Even on days that seem uneventful, your story is being written. Whether or not your story evolves into the life you've always wanted is dependent upon how well you know your story from the past, how you live your story today (yes, TODAY!), and what directs your story for the future. Living a great story is immeasurably important, as we are only given one life -- an opportunity of unequalled value.
Mary Oliver asks, "Tell me, what is it you plan to do with your one wild and precious life?" My life has been committed to helping women confidently answer this question, mastering the art of intentionality in order to live their stories with the passion and purpose for which we were each uniquely created. I have yet to encounter a person who doesn't deeply long for their life to matter after they're gone; so why aren't we more urgently pursuing a big story?
Because the path to living a great story is not without stumbles and falls; it is mired with complications. Firstly, many of us have not directed the insights from our pasts into our present. If we plow forward without regard for past experiences, we create an obstruction between us and true self-awareness, preventing an understanding of what has shaped us -- for better and for worse. In contrast, when we process our pasts deeply, we can decide which parts to carry forward, and what to leave behind, free to venture on unencumbered and unquestionably better.
Secondly, we often move through our days in reaction to events, rather than taking charge of them through bold choices. Weeks and years can go by before we realize our lives have not been shaped by us, but rather by the events and people around us. Reactive living eventually creates deep grooves of sameness; no one lives this way and finds they happened to have stumbled on the life of their dreams. It takes bold intentionality to make new grooves on new trails.
Lastly, the hurdles of blazing new trails are impossible to surmount without owning a passionate purpose. Whether we realize it or not, each of us has a purpose knit deep in our hearts, and when we work to surface it, it becomes powerful. Naming our passion gives acuity and fuel to our story's objective, enabling us to live a better story -- a story worth living that is about so much more than just ourselves.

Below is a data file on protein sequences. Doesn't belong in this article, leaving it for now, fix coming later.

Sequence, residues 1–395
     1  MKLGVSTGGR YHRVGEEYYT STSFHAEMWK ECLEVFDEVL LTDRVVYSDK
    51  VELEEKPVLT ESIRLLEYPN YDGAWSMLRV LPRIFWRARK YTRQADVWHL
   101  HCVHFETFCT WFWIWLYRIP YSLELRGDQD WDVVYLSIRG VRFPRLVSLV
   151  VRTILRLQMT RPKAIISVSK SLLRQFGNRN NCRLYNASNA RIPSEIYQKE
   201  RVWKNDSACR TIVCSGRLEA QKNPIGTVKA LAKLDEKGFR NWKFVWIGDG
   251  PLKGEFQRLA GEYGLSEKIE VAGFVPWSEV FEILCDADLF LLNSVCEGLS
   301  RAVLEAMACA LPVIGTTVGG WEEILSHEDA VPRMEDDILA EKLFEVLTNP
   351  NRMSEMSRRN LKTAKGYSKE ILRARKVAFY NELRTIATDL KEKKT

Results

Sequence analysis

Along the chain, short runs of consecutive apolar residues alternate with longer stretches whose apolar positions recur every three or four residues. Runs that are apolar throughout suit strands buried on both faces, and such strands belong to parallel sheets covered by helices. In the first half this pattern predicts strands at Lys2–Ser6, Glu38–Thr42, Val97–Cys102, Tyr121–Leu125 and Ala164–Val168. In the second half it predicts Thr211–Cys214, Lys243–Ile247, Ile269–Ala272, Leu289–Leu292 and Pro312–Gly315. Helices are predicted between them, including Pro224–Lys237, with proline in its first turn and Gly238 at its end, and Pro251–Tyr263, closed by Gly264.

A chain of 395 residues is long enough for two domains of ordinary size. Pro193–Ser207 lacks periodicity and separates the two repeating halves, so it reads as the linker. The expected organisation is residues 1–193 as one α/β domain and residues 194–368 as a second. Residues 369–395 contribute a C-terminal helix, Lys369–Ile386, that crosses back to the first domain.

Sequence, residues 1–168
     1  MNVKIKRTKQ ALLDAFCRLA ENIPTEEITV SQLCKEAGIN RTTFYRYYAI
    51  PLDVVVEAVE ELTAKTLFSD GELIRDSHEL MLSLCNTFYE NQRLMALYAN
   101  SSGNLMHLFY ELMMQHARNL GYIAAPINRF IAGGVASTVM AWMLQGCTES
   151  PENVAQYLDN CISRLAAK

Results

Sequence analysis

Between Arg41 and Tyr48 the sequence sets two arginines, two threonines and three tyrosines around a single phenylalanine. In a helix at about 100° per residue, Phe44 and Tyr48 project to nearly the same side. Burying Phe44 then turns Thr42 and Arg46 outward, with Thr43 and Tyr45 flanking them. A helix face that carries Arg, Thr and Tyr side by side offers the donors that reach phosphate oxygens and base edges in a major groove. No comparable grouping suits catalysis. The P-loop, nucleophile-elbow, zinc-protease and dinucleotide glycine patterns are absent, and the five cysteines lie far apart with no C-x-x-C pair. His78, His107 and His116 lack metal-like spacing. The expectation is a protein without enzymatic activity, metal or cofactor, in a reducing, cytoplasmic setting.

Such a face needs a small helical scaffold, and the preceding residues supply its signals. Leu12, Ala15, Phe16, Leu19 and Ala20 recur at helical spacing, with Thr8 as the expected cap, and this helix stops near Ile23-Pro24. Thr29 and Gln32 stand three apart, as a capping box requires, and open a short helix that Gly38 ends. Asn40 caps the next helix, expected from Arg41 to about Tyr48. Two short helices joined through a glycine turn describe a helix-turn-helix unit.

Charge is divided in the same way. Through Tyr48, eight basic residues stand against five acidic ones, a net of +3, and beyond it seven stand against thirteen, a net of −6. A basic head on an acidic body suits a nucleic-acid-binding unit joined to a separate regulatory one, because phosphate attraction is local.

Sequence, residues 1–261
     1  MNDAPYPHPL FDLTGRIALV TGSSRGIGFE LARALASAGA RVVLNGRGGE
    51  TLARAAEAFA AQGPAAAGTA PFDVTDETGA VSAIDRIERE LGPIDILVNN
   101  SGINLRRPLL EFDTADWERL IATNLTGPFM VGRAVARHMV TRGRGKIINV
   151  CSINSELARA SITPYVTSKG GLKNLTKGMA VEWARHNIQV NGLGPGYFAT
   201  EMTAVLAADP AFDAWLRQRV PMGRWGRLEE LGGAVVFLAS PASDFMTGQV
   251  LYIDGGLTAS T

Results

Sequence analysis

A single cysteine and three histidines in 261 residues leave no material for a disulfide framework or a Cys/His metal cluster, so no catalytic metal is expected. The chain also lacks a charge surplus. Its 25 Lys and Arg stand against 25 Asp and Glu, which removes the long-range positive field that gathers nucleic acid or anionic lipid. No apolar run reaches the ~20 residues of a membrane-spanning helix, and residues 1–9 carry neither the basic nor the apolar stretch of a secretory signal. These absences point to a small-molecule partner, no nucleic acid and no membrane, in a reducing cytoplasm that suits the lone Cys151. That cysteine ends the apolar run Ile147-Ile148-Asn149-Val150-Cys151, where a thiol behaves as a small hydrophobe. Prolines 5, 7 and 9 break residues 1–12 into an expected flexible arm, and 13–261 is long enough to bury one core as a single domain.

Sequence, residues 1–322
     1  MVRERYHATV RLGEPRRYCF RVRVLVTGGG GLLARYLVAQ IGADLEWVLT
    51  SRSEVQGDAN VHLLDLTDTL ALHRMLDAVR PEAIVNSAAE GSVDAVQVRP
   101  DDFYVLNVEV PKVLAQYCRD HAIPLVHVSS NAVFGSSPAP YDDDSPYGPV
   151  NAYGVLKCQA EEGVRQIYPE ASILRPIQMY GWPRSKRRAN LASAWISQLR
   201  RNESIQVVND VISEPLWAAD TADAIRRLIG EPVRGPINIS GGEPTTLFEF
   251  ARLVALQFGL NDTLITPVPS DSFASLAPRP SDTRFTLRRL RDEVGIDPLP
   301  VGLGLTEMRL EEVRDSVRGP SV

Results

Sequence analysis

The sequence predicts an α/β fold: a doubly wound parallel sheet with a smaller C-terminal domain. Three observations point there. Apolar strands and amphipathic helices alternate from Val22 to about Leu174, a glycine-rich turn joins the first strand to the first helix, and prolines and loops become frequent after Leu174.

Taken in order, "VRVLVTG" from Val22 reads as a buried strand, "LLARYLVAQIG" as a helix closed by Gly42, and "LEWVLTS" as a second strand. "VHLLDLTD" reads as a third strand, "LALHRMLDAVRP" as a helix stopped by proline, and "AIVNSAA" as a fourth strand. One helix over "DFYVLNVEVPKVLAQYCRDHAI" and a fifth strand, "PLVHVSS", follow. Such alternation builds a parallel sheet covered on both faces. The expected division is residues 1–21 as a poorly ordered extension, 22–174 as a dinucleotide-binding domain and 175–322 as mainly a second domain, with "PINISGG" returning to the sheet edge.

The truth is, your story is evolving, even in this moment. Author it with intentionality. And then tell it: "This is who I am, this is what I've been through, and because of that, this is where I am going." Each time we share our story, it gives us the opportunity to ponder the story we are living. That takes courage. But find the courage and don't stop there--invite others to tell their stories. Because in the telling -- in the articulation -- something transcendent takes place. You not only understand yourself and your friends better, establishing a deeper connection, but your stories get braided together, interconnected in a way that amplifies the meaning of each. We can help one another process our pasts, live proactively in the present, and stay focused on our primary pursuit.
Life is too precious to languorously live our story. So what are you doing TODAY to courageously "know and tell" your story?
How to vote
Vote-by-mail ballot request deadline: Varies by state
For the Nov 3 election: States are making it easier for citizens to vote absentee by mail this year due to the coronavirus. Each state has its own rules for mail-in absentee voting. Visit your state election office website to find out if you can vote by mail.Get more information
In-person early voting dates: Varies by state
Sometimes circumstances make it hard or impossible for you to vote on Election Day. But your state may let you vote during a designated early voting period. You don't need an excuse to vote early. Visit your state election office website to find out whether they offer early voting.My Election Office
General Election: Nov 3, 2020
Polling hours on Election Day: Varies by state/localityMy Polling Place